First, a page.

August 18, 2012

This week in TV Guide: August 19, 1972

The Minnesota State Fair adds a day while the Republican National Convention subtracts one, the NFL exhibition season is in full swing on the eve of the Munich “Peaceful Olympics,” and the late Chad Everett turns back the cultural clock. These stories and more, in This Week in TV Guide.

As you're reading this, we're days from being back in Minnesota for the first time since moving to Raleigh, at the State Fair.  Minnesota has one of the nation's great state fairs, and for decades it ran for ten days, with the traditional finish on Labor Day.  In 1972, for the first time, the fair expanded to 11 days, beginning on Friday instead of Saturday.  A few short years later it would add another day, extending the run to 12 days, where it has stayed ever since.  If I had next week's TV Guide in front of me, we'd see that the local TV stations will be out in force for the Fair, spending an hour or so a day covering the events. 

There's a tendency, a comforting one, to think that nothing ever changes at the fair, but as this great ad shows, a lot has changed in 40 years.  For one thing, there aren't any more auto races at the Grandstand - they took the track out a few years ago, converting it to a dedicated concert venue.  Bad move, in my opinion.  The Hippodrome, where the horse shows are held, is now called the Colliseum, the Mexican Village is now the International Bazar, and you can't buy reserved tickets at Dayton's anymore - Dayton's isn't even around.

Admittedly, the State Fair can be a zoo, but for a real zoo nobody does it better than politicians.  After the fiasco that was the Democratic convention, it was the Republicans' turn, and Monday would mark the opening day of their three-day convention in Miami Beach (and it is beyond me why in the name of all that is good and holy parties don't do this three-day schedule today).  The Republicans had planned to have their convention in San Diego, but moved it at the last minute because of fears over possible demonstrations.  Since Miami Beach had just hosted the Dems a few weeks earlier, they were only too happy to accommodate the GOP as well.

I don't know whether or not the change of venue had anything to do with the shortened schedule - after all, Nixon and Agnew faced no opposition, there were no major platform controversies; there was, in short, no real reason to use up any more time.  The temporary convention chairman, Ronald Reagan*, kicked things off on Monday night, along with a speech by GOP Chairman Bob Dole (who was old even then), and another of Nixon's old adversaries, Nelson Rockefeller, nominated him on Tuesday night.  Wednesday Agnew gave his acceptance speech, leading into Nixon's own speech, which was delivered from what I think was the tallest and largest rostrum I've ever seen at a political convention.  It not only had the presidential seal on it, it also had the state logos of every state in the country. There were some pre-convention shows leading up to Monday, but not many; there just wasn't that much to talk about.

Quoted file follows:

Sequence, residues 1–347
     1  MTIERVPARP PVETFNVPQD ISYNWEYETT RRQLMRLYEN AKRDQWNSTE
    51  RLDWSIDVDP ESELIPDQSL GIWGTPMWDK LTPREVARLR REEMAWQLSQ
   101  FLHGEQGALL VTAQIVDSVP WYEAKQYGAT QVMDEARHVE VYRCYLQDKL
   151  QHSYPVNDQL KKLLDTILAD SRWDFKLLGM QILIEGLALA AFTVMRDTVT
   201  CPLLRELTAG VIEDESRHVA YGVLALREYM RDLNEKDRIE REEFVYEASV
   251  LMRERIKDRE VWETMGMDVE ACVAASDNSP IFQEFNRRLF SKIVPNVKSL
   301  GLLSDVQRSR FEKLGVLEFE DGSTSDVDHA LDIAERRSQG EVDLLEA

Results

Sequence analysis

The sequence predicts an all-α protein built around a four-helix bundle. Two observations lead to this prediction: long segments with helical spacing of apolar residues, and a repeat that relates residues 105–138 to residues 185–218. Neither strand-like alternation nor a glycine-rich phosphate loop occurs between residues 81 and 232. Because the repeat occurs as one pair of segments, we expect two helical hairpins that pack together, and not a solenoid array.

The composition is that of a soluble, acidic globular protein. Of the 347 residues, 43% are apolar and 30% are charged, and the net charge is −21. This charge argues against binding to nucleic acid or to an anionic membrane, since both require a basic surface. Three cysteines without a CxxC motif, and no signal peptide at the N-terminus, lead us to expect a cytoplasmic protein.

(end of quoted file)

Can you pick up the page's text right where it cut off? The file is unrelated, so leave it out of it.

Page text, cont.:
* Many probably thought Reagan was making his last hurrah at a national convention; the joke was on them.

The NFL season was only 14 games long in 1972, and didn't start until the middle of September.  However, if you were ready for some football, no fear: the six-game pre-season schedule was in full swing.  These games, such as NBC's Raiders-Rams* game on Saturday and CBS's Redskins-Lions tilt on Friday, were billed as big events, and for once this kind of hype actually had some merit to it.  Back then, in the days before football players spent their entire off-seasons working out or getting into bar fights, coaches generally used their starters for substantial parts of the pre-season. In the late 60s, prior to the formal merger of the NFL and AFL, the leagues would play pre-season games against each other, and since there was no inter-league play except for the Super Bowl, there were some real bragging rights at stake.  That rivalry had died down somewhat by 1972, the second year of the merged leagues, but pre-season games were still watchable.